Global wine production to hit 50-year low

Claire Dodd

Claire Dodd

25 October 2017

Global wine production is set to fall to its lowest level in over 50 years, according to a new report  from the Organisation of Vine and Wine (OIV).

The OIV found overall production is down 8.2% on 2016 levels to an estimated at 246.7 mhl. Estimated global consumption sits between 240.5 to 245.8 mhl.

Production levels were at a historic low in Italy (39.3 mhl), France (36.7 mhl), Spain (33.5 mhl) and Germany (8.1 mhl) due to extreme weather events, including frost and drought. Out of the European producing countries, Portugal (6.6 mhl), Romania (5.3 mhl), Hungary (2.9 mhl) and Austria (2.4 mhl) were the only countries to see a rise compared with 2016.

Elsewhere, the United States grew production to 23.3 mhl, while South Africa maintained its output at 10.8 mhl. South America production increased compared with the low levels of 2016, particularly in Argentina (11.8 mhl) and Brazil (3.4 mhl). In Chile (9.5 mhl), vinified production remained low. Australian production grew to 13.9 mhl grew, while New Zealand experienced a slight decline to 2.9 mhl.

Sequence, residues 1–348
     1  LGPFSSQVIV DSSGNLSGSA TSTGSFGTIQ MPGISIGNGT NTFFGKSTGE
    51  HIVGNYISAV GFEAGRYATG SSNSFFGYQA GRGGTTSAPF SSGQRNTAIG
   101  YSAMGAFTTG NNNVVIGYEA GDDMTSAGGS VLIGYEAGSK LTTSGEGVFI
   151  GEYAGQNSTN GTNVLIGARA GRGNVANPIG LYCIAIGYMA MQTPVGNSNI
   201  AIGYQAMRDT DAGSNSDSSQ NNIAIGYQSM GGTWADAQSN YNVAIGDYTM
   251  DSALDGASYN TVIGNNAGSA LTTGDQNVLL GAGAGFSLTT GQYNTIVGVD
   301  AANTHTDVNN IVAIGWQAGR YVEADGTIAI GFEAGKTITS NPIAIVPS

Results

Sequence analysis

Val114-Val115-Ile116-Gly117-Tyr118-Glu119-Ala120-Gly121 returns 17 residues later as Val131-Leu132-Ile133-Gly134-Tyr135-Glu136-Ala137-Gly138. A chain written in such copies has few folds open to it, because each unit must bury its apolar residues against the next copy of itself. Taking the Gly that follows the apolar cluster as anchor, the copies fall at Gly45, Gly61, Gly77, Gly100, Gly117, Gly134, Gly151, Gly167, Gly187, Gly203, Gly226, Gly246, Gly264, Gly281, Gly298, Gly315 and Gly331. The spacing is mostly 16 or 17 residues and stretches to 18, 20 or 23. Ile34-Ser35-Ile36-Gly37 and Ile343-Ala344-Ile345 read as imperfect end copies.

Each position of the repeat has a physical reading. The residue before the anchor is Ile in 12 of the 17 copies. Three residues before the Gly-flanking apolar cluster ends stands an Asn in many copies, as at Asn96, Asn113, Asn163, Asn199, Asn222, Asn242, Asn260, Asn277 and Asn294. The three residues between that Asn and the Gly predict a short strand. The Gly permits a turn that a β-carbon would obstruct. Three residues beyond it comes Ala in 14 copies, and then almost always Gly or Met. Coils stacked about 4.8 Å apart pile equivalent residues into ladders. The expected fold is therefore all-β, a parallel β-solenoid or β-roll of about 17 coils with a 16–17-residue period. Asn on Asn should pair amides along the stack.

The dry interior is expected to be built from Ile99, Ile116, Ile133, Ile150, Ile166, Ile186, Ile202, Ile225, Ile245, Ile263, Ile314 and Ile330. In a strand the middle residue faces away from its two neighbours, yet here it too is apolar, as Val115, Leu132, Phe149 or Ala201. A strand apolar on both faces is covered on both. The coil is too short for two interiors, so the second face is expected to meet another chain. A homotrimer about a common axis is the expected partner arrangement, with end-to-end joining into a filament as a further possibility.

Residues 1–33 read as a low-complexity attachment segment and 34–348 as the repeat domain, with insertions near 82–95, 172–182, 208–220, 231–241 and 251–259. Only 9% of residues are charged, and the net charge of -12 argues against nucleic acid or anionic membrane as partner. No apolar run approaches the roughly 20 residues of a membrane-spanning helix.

The Wine and Spirit Trade Association (WSTA) said the news was of 'real concern' to UK businesses, with the wine industry generating £19.9billion in economic activity, 172,000 direct jobs in roles such as bottling which take place in the UK, with a further 105,000 indirectly employed throughout the supply chain.

Miles Beale, chief executive of the WSTA, said: 'Following frost and drought across Europe, and wildfires across the USA, winemakers globally are facing a drastically reduced harvest this year. It’s a keen reminder that wine production remains at the mercy of the weather. As the biggest per capita importer of wine in an international market, the UK is bound to feel the effects of an increasingly challenging environment. Prices for consumers will inevitably rise.

'The last thing UK wine businesses, their employees or British consumers need now is another rise in excise duty in the Chancellor’s second Budget on 22 November. Philip Hammond should take note and freeze duty.'

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